American freelance journalist Lindsey Snell, who was detained in Turkey for violating a military zone, has been released and is returning to the US. Snell was held on 6 August after she crossed back into the country from Syria.
US State Department spokesman John Kirby had confirmed Snell's detention on 31 August. Kirby had said that Snell was being held at a prison facility in Hatay Province in southern Turkey and "has been charged with violating a military zone."
Snell earlier said she had been kidnapped by members of the militant group Jabhat Fateh Al-Sham — or former al-Qaeda affiliate Jabhat Al-Nusra — in Syria in July. She said she managed to flee captivity with the help of Syrian contacts, but was arrested on her arrival in Turkey, amid a post-coup crackdown, which saw hundreds of journalists in jail.
She had posted about her kidnapping on her Facebook page.
Her profile on the social media site says she is a native of Florida, who has been living in Istanbul since March 2015. She left Turkey for Syria just before the failed coup attempt on 15 July.
"Lindsey Snell's release is a relief, but scores of journalists are still jailed in Turkey. We call on Turkish authorities to return Snell's confiscated equipment, and to free all the journalists still behind bars in the country for doing their jobs," Committee to Protect Journalists Europe and Central Asia Program coordinator Nina Ognianova said.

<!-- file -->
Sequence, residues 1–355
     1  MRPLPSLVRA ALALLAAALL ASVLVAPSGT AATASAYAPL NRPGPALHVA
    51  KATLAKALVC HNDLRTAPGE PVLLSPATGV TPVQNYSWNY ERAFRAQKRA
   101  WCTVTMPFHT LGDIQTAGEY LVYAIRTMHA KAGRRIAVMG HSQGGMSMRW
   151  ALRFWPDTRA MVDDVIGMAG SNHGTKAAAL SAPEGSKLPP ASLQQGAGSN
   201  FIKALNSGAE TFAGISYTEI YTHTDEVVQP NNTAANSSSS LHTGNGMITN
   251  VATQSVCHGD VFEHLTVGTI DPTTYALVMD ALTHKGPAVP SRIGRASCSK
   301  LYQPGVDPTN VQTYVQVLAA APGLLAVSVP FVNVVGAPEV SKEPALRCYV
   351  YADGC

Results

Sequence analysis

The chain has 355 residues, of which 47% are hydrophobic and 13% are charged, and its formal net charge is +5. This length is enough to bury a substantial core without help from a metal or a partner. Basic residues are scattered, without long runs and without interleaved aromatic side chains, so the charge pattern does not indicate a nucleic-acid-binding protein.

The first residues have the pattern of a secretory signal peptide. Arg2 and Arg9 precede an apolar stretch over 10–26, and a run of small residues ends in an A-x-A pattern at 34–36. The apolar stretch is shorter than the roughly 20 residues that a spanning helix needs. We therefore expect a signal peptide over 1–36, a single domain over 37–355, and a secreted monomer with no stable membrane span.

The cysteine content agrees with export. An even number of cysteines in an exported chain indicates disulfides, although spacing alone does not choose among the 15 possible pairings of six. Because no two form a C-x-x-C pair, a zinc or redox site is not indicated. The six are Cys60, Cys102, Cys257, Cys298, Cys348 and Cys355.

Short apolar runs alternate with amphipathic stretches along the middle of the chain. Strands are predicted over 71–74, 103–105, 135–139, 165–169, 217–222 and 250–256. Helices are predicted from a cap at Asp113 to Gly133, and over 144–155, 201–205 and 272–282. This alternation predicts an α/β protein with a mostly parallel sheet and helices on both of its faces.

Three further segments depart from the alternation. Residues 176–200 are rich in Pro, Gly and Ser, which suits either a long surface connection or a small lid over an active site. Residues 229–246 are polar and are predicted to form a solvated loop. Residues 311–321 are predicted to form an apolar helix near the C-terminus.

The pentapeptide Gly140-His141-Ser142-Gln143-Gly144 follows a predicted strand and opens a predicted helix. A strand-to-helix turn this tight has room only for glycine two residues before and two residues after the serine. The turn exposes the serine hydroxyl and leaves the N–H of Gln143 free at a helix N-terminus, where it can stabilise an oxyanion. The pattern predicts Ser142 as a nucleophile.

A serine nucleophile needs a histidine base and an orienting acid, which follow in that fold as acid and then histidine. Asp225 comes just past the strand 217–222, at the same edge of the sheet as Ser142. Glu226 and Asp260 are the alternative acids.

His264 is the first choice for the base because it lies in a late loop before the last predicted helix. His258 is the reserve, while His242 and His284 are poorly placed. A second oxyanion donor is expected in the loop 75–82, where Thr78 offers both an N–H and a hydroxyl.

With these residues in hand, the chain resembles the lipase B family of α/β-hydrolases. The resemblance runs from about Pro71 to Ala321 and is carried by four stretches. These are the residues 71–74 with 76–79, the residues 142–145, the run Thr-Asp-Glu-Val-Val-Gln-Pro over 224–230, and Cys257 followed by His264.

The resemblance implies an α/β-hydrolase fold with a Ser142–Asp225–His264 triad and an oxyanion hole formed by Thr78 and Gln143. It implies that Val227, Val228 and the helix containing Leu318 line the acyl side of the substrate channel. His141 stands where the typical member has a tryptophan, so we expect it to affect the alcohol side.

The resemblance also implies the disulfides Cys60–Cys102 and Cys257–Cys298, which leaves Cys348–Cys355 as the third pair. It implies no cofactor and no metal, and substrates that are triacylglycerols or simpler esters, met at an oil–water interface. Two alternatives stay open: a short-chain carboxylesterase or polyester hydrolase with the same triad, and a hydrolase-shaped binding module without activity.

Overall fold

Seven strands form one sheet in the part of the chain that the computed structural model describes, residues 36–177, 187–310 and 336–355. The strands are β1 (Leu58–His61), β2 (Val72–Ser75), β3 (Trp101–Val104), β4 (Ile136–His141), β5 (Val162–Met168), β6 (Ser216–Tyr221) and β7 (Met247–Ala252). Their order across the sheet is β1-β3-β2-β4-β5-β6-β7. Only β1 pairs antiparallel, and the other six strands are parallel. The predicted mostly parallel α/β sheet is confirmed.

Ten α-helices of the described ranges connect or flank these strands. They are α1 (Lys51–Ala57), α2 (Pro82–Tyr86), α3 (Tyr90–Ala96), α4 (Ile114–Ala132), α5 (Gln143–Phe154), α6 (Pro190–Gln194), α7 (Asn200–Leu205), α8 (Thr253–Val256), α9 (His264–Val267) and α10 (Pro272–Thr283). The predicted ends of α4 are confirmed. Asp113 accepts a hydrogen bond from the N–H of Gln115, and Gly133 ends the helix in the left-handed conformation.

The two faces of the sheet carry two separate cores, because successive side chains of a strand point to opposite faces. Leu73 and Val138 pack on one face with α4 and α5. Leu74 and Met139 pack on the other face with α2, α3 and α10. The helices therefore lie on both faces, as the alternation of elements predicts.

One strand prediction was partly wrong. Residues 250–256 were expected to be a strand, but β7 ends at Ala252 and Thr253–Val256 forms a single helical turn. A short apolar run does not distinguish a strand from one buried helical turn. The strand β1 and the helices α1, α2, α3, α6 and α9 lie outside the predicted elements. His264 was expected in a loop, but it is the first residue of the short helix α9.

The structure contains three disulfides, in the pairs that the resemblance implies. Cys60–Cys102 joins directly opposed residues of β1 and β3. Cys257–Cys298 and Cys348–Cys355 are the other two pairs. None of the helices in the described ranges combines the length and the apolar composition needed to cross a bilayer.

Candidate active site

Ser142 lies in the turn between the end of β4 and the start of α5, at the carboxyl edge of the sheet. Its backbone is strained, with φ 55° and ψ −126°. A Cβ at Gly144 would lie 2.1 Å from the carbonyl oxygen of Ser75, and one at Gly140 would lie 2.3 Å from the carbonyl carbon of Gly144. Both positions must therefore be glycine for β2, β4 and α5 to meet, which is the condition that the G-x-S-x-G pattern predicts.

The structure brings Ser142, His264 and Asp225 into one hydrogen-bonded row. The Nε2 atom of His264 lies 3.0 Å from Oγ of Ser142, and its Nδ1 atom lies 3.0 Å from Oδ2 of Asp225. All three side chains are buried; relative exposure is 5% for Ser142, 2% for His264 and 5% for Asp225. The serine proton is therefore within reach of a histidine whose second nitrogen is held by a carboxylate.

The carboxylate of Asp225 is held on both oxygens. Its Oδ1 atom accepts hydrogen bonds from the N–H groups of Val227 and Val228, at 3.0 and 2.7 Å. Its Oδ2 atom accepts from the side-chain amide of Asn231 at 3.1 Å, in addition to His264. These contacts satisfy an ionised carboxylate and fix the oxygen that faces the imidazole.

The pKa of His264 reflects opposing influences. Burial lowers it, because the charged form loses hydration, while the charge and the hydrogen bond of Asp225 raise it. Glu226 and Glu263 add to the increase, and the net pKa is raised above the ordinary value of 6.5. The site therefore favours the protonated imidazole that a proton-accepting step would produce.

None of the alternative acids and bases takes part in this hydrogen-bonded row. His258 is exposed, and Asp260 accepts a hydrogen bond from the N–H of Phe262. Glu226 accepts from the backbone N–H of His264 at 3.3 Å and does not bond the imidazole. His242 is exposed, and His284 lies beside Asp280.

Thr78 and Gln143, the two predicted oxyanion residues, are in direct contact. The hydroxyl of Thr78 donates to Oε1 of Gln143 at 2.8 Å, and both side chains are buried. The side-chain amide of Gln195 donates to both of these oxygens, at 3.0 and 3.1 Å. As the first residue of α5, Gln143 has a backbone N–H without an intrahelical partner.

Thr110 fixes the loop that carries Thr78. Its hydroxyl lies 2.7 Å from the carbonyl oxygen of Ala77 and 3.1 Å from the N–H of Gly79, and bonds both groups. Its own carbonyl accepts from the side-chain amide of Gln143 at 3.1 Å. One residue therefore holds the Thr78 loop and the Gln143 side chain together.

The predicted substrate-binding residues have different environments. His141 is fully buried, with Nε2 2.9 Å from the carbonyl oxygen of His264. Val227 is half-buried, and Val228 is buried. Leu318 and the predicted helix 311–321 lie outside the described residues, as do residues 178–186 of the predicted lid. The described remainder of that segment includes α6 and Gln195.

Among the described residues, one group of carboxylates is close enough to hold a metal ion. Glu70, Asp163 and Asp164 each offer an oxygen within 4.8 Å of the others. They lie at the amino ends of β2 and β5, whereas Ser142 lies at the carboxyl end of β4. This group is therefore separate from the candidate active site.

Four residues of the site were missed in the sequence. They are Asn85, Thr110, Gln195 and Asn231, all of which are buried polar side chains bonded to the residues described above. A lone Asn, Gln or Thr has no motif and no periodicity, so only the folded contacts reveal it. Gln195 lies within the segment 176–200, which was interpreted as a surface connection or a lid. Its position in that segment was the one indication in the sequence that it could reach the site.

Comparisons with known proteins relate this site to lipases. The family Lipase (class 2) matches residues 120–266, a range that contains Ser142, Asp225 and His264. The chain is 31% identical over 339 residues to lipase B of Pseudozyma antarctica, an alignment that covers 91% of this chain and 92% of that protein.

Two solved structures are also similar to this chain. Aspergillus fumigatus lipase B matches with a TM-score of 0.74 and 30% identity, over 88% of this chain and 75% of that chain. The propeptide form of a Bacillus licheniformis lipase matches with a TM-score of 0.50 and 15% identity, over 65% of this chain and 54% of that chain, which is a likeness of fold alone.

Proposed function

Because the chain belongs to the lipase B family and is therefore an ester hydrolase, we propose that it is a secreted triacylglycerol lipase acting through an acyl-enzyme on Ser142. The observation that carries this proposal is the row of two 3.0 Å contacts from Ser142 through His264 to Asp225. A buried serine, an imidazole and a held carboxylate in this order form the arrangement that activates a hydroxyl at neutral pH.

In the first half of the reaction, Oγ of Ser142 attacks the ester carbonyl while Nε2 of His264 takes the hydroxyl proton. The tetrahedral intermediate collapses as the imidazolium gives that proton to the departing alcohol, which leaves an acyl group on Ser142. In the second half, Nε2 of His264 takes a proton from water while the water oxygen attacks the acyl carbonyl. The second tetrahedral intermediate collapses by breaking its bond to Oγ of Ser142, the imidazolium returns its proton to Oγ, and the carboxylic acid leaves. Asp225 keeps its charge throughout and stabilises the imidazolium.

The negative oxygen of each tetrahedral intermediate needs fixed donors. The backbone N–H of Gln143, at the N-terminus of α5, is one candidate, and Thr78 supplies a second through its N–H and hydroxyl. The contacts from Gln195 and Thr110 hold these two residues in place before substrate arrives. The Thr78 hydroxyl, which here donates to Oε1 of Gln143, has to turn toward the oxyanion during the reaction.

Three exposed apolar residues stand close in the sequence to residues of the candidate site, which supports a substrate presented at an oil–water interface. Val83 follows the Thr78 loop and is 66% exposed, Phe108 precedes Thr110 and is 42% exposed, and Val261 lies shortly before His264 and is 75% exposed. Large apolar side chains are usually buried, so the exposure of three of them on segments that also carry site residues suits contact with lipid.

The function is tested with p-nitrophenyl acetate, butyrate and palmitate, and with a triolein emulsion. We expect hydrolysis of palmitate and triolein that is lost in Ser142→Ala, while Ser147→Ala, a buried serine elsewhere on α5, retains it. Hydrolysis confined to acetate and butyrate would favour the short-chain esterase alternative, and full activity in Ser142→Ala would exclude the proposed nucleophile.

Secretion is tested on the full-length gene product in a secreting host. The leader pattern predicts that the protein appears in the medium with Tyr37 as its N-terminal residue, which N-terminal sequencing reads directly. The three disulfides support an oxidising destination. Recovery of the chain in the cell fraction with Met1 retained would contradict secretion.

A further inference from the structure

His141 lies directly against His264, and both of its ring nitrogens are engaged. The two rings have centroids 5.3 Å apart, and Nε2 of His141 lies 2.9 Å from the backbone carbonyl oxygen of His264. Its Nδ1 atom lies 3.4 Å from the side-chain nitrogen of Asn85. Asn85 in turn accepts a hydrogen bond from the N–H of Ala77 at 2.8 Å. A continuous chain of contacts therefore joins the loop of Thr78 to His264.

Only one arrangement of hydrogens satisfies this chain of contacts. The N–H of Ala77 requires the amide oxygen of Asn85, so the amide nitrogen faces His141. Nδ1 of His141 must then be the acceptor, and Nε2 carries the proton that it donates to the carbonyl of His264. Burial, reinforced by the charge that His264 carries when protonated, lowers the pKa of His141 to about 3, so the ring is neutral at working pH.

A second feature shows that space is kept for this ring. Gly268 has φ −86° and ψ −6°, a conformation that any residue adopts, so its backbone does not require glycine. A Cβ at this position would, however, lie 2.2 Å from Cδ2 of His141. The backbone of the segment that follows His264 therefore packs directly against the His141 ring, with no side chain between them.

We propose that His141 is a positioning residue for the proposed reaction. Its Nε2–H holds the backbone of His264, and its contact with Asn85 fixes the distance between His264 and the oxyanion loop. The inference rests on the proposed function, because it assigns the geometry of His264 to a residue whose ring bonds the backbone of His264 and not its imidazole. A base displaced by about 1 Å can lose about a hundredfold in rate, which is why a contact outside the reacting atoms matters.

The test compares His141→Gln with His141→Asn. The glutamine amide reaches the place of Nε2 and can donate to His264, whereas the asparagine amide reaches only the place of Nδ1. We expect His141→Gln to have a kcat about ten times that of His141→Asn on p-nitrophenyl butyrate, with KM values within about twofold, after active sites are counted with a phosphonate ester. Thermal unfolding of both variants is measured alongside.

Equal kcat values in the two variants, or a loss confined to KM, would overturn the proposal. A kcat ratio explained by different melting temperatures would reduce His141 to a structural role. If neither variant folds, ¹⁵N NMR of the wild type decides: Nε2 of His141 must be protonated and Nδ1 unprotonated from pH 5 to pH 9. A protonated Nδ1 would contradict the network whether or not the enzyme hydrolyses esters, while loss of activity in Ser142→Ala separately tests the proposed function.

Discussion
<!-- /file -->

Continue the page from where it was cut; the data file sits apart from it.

Speaking to the Guardian on her way back to New York, Snell said she was concerned for her husband, Suliman Wardak, who was arrested on 22 August while travelling to Istanbul to assist in her release.
"They still have my husband. I don't feel free," Snell said on Wednesday, 12 October.
Wardak has been accused of playing a role in the failed military coup and is being prevented from leaving the country.
Snell was depicted as a Central Intelligence Agency (CIA) spy by the Turkish media. She said she was disappointed that there was no official statement from the US State Department saying she was a journalist.
"They know I'm a journalist. They knew I was working in this capacity in Syria. There was no reason to be vague or tight-lipped especially given the Turkish accusations against me," she said.